Read The Dead Game and find out.
At least, Linda mused to herself, she had friends to come
home to. When she’d lived in New York with her family, she had attended college and worked part time at a bookstore—not leaving her much free time to develop long-lasting friendships.
She remembered the day, right after graduating from college, when she’d been searching through the newspapers for a job. She’d run across an ad for a bookstore to rent in Oasis that appeared large enough to also accommodate a coffee shop. At the time she recalled thinking that the name Oasis sounded perfect for a place to start over. She was twenty-two at the time, but she’d wanted to find a new, more exciting direction for her life.
That week she’d visited Oasis for the first time. As soon
as she’d entered the bookstore, she’d known that this was her oasis. The prior tenants had already moved out but had left behind rows and rows of bookcases. She’d stood by the entrance, contemplating the empty store, visualizing: a long coffee counter by the entrance; tables, chairs, and comfortable couches in front of the wide, corner windows; and long lines of bookshelves filled with books covering a broad range of topics, extending all the way to the back of the store.
The realtor, Oasis Rentals, was located on Main Street across from the book store. The woman who owned the rental agency had introduced herself as Shirley Griffin. She claimed to know everyone in town. Now, Linda realized, Shirley would be a good source to question about the strange invitation to End House.
Shirley had short blonde hair and light-green eyes. She appeared ageless, without any grey hair or wrinkles to reflect the passage of time. Only her voice had sounded old as she’d informed Linda about her listings for rental apartments. With an intense look, she’d explained that the original residents owned the large homes on the large hill behind town, while the remainder of the residents lived in the lower hills behind the hotel. The newer and younger residents rented the units by the beach. That had been the first time that Linda had heard about the dividing line between the original residents and the rest of the town. She later learned that this dividing line must never, ever be crossed.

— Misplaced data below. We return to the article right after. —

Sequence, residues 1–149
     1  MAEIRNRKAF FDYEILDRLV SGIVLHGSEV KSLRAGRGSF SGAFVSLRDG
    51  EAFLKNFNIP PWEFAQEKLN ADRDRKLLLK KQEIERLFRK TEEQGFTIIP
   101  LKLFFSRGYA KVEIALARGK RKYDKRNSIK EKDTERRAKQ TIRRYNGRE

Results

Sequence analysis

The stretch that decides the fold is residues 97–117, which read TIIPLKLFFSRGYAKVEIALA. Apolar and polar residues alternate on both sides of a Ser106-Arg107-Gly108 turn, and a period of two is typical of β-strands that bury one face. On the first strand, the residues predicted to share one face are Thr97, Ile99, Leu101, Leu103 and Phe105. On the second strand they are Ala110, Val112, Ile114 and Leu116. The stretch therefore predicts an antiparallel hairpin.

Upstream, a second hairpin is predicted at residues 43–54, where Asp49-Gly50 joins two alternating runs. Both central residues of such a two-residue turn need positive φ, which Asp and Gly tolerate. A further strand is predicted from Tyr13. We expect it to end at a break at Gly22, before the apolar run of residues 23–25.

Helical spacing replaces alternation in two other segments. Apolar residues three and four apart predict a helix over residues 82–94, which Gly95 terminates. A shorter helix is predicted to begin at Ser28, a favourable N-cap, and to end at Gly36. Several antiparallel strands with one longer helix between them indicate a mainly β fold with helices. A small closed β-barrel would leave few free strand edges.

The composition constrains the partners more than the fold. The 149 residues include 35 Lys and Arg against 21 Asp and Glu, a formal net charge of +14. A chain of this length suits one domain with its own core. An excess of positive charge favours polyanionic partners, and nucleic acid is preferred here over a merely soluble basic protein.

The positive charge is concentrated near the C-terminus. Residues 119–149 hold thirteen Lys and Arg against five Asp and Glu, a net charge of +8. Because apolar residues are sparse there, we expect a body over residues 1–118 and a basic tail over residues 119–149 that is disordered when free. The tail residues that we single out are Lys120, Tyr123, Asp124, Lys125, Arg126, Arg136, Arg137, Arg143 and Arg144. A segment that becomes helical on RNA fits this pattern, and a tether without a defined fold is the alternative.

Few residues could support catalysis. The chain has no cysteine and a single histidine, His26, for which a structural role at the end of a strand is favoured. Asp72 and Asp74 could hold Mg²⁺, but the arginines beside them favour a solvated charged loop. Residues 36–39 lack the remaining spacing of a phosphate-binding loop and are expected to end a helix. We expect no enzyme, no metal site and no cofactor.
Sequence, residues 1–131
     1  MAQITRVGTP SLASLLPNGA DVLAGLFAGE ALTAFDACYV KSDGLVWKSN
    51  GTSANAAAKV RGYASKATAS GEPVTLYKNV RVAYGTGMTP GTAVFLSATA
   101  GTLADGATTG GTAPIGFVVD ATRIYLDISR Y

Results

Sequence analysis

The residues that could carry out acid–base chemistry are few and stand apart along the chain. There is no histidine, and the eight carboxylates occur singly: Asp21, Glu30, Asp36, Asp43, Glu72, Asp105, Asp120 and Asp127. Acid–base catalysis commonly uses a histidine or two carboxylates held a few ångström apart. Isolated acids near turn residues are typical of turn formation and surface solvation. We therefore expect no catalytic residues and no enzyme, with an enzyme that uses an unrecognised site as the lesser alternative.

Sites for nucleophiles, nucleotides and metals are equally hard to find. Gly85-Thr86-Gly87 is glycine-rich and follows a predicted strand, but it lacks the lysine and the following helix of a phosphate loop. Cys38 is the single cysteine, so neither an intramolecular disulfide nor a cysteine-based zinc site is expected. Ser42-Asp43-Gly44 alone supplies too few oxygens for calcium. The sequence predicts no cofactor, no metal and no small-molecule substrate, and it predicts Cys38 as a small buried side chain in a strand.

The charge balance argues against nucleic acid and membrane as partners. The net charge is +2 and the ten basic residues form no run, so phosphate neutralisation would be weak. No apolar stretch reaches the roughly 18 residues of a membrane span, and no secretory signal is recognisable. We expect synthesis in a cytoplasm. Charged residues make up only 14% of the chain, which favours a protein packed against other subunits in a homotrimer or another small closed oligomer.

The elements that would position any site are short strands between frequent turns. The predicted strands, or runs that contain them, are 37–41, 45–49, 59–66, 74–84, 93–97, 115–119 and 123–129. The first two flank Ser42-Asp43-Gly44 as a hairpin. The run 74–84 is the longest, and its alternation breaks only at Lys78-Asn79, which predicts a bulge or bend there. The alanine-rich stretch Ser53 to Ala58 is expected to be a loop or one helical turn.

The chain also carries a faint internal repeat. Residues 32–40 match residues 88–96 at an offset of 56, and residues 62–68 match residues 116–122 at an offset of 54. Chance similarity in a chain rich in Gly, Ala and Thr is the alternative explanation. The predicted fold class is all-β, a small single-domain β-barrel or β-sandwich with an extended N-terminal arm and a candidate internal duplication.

Being a new resident—according to Shirley’s speech—meant that she’d be expected to move into one of the units by the beach. One week later, that was exactly what she had done.
Her store’s wide corner windows let in the radiant sunshine. She’d arranged her new couches, tables, and chairs between the two wide sets of windows. Then she’d stood back to look over her pretty handiwork, becoming mesmerized by the sun’s rays as it ran its long fingers across her couches’ bright cushions. That day she’d been content and happy that she’d moved to this quaint little town.
A short month later, with all her new friends watching, she’d put up the sign that read Oasis by the Sea, opening her doors to business. The bookstore had soon become a popular hangout for the town’s residents and its abundant tourists, where they could purchase homemade food, coffee, desserts, and of course, books.
Many tourists returned year after year to visit the peaceful, isolated little town. What the tourists didn’t know or even suspect was that Oasis had a long, dark history of unsolved murders and unexplained disappearances—which had somehow been concealed from the public over the years. In addition, End House had been the scene for many of these horrific events. Linda had just learned this from a friend, who happened to be a reporter researching the house. Too terrified to pursue this matter any further, he was afraid not only of the house, but also of the town and its reclusive inhabitants, not knowing if the sheriff or the long-time residents were behind these events. He’d warned her not to ask too many questions: to either leave it alone or leave town altogether.
Read a page a day of the The Dead Game--a mystery/thriller.
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